The wait is coming up on two years for DWP customers owed refunds for water and power bills that suddenly skyrocketed as a result of the problem-plagued transition to a new billing system.
Just last summer, the Los Angeles Department of Water and Power promised to "make whole any customer who was overcharged" in agreeing to settle a class-action lawsuit, but that still awaits "preliminary approval" by the Los Angeles Superior Court.
Some of the suing lawyers not involved in the original negotiation contend the agreement has weaknesses, and details are still being amended. This past week, Superior Court Judge Elihu Berle ordered revisions and additions to be reviewed on Dec. 21. Approval would clear the way for notices to be sent to DWP customers early next year.
"Almost two years I've wasted so much time," said Christianny Lima, a martial arts pro and fifth degree Tae Kwon Do black belt who runs two studios with her husband and fellow Tae Kwon Do master Andre Lima.
Before the rollout of the new DWP billing system in September, 2013, their monthly power bill used to be $300 or less for their studio in a Los Angeles neighborhood near Torrance, she said, with a
drawer full of statements to prove it.
Then two billing cycles went by without a statement. As Lima wondered what was going on, February, 2014 brought a whopper: a bill for $6,242.75.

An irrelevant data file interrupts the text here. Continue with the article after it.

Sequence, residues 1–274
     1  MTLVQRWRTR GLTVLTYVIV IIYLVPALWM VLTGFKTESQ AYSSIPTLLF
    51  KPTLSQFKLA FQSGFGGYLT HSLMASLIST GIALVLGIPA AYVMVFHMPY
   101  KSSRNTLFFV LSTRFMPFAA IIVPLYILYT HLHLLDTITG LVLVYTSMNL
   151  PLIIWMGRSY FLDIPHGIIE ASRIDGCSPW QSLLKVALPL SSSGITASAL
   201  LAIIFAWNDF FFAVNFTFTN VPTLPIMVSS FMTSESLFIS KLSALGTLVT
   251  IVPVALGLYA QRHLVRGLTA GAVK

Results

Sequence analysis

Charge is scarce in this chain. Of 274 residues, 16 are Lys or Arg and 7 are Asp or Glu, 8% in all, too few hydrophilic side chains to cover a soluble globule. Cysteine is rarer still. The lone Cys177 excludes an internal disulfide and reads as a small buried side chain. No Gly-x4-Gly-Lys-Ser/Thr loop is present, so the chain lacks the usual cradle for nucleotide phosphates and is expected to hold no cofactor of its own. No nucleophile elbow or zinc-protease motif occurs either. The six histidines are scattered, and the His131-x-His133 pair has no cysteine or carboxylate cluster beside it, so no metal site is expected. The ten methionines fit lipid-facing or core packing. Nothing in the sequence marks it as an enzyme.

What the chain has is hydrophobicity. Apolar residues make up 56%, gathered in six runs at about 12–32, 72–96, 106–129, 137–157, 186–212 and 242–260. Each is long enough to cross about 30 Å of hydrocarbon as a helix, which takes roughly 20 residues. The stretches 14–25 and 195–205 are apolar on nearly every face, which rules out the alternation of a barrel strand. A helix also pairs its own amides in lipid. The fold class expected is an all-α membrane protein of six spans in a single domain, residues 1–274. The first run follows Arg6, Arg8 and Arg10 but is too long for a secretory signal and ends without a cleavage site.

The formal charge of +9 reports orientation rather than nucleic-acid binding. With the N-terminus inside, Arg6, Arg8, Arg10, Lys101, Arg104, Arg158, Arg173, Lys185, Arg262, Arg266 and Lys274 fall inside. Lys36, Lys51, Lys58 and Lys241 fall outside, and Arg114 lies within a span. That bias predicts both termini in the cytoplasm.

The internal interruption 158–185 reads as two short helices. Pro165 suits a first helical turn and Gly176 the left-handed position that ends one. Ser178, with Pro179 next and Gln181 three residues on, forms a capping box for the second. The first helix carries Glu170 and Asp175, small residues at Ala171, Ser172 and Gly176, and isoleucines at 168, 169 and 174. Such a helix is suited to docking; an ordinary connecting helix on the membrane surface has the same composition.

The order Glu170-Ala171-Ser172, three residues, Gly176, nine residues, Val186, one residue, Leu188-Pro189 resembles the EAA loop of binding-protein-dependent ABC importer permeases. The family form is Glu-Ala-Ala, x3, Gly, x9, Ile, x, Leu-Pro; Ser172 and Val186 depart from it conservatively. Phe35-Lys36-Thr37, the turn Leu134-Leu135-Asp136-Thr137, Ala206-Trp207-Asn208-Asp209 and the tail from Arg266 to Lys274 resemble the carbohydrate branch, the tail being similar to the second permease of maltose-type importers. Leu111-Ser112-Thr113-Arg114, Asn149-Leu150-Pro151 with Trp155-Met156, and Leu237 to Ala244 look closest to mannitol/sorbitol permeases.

"I thought I was going to have a heart attack," Lima said.
The bill put new charges at $3,611.35, and also sought $2,631.40 for "corrections" to make up for what DWP asserted were previous undercharges.
It triggered a series of phone calls to customer service, and visits to the DWP office.
"They told me there were some problems with the computer that will be corrected," Lima recalled being informed several times.
However, her monthly new charges continued to hover around $1,200. Lima has not been paying what she estimated to be the continuing overcharge; DWP now figures she owes $28,298.92.
As part of the settlement, DWP agrees to the oversight of a court-appointed expert for its accounting to the billings for 1.6 million customers.
it overbilled $44 million, which averages out to about $27.50 for each account.
The average refund will be on the order of $10, but it some cases will be much larger, DWP has acknowledged.
With some limitations, the DWP will also be permitted to bill for discovered undercharges.
The utility's customers will have a choice whether to be included in the settlement, or opt out. But the expectation is that decision will have to be made before the accounting determines what individual customers are owed — or owe.
DWP puts blame on PricewaterhouseCoopers, the outside company hired to provide and set up the $70 million billing system. The city of Los Angeles filed a lawsuit to recover $88 million in
lost commercial billings, and more than $40 million spent trying to fix the system problems.
An outside audit done at DWP's request found the DWP was unprepared for the rollout, and was aware of problems, yet moved forward.